South Dakota’s 2023 legislative session begins today
PIERRE, S.D. (AP)–The South Dakota Legislature’s nine-week session is slated to begin Tuesday with all eyes on what lawmakers might do with the state’s $423 million surplus.
Gov. Kristi Noem wants to use the money to cover repealing the state sales tax on groceries, a plan some of the state’s staunchest Republicans oppose. Lawmakers also could revive a $200 million plan to cover utility infrastructure for new housing developments.
Debate over tax cuts and prison spending are also likely to occupy lawmakers’ attention. Here’s a look at some of the biggest questions the Republican-controlled Legislature will have to grapple with over the next nine weeks:
—Tax cuts. Noem’s executive budget calls for repealing the state’s 4.5% sales tax on groceries, a move that would save taxpayers $100 million. Noem has argued that the state’s surplus would cover the revenue loss. She has called repealing the tax her top priority for 2023. Minority Democrats support the idea but a number of staunch Republicans oppose it, questioning whether the state can absorb the lost revenue. Democratic Sen. Reynold Nesiba of Sioux Falls plans to introduce two back-up plans. One calls for reducing the sales tax on groceries by a cent, the other by 2 cents.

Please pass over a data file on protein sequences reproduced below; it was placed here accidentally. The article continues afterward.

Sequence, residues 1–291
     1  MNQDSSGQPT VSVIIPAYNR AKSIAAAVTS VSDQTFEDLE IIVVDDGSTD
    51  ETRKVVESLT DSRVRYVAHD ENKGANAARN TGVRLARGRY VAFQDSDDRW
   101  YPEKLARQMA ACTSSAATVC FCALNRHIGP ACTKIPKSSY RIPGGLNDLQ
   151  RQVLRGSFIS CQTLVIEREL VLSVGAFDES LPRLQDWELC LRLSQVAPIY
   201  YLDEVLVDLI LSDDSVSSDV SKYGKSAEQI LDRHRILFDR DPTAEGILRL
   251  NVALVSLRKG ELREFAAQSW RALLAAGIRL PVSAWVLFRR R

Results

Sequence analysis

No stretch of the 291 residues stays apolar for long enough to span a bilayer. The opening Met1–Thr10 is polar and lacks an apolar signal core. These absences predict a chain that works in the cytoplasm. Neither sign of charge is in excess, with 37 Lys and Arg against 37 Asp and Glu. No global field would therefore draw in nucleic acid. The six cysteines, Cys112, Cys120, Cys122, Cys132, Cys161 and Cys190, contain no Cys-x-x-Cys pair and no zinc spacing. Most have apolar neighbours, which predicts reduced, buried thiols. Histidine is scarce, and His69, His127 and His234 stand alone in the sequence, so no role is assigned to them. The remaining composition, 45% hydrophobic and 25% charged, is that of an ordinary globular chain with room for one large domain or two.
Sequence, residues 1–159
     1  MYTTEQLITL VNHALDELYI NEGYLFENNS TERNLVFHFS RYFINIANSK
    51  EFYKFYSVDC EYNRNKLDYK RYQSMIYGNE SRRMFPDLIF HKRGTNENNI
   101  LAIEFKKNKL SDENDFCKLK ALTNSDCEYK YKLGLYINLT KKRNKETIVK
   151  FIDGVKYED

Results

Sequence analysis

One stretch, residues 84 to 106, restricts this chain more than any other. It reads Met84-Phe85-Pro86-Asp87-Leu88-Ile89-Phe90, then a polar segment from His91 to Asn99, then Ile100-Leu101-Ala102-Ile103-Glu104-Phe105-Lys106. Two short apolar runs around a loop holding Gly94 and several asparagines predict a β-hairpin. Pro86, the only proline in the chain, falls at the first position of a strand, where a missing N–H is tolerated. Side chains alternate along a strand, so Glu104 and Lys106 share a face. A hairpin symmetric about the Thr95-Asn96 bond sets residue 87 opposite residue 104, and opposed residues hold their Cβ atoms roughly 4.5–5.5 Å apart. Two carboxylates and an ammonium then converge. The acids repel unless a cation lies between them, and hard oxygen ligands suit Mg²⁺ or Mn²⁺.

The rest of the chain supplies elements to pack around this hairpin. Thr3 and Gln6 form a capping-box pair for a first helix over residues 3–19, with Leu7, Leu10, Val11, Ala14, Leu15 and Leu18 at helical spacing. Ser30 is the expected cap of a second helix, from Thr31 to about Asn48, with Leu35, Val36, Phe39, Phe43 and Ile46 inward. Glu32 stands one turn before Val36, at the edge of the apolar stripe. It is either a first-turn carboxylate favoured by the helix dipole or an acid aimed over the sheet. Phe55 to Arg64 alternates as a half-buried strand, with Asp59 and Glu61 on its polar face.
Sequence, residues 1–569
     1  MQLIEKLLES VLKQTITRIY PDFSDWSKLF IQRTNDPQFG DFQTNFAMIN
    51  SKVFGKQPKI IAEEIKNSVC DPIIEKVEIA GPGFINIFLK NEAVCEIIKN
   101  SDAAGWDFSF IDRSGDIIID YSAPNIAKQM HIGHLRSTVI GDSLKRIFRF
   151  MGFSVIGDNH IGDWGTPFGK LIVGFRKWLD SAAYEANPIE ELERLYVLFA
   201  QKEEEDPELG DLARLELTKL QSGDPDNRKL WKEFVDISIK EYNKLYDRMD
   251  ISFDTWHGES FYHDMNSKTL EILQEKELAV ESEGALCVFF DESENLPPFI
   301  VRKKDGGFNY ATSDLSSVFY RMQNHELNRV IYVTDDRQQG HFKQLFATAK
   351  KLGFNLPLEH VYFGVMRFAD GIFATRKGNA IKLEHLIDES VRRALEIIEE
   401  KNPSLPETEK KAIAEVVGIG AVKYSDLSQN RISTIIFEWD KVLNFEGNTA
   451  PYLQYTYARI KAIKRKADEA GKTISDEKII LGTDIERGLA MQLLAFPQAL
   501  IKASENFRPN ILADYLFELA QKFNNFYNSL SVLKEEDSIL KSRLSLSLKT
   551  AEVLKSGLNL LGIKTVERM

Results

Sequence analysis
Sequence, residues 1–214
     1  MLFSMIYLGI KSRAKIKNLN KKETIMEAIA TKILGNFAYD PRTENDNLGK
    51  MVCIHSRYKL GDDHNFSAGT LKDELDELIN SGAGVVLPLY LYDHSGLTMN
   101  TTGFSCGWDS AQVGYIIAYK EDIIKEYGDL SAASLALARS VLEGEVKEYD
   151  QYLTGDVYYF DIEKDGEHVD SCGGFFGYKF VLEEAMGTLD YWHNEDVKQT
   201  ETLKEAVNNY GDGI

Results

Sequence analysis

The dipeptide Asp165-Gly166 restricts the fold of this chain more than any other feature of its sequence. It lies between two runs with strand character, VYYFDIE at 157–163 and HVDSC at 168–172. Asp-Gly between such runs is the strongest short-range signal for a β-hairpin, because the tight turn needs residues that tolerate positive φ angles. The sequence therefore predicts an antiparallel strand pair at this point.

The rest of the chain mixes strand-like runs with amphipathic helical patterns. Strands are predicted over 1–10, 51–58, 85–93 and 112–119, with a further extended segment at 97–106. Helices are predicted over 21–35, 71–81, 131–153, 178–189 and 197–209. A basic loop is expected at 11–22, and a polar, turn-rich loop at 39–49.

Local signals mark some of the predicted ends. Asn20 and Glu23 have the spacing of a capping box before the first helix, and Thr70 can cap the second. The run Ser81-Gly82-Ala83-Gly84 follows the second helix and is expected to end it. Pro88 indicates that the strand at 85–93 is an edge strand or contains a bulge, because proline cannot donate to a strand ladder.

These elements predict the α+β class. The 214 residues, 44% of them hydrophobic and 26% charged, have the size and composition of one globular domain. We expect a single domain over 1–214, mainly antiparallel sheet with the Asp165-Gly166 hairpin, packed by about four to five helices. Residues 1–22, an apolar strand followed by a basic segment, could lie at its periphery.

A property tax cut also could be in the mix. Sen. Jack Kolbeck, a Sioux Falls Republican, told the Argus-Leader newspaper that a proposal to drop home assessment values by $100,000, allowing the owner to pay lower taxes, is in the works.
—Workforce housing. Lawmakers are looking to alleviate the state’s worker shortage. They’re considering resurrecting a $200 million plan to cover utility infrastructure costs for new housing developments, in turn supporting more affordable housing for workers.
The plan stalled last year and its prospects look uncertain this time around after Republicans voiced concerns that the state could open itself up to lawsuits if the funds are misappropriated.
—Licensing. Legislators are looking to update licensing requirements for professional jobs and creating scholarships for students planning to become mental health professionals.
—Prisons. Noem wants to use $86 million in the state’s Incarceration Construction Fund to build a new 300-bed, $60 million women’s prison in Rapid City. She also wants to spend $52 million on a new men’s prison in Sioux Falls to replace the South Dakota State Penitentiary, which has been operating since 1881. She wants to use $27 million from the incarceration fund and $25 million from state general funds to cover the project.
—Public employee raises. Noem’s budget calls for giving public workers, teaches and health care providers a 5% raise. Nesiba wants to bump that to 8%.
—Juvenile justice. Lawmakers are considering bills that would revise when a juvenile offender can be committed to the state corrections system and when a school is notified about a student suspected of drug or alcohol violations.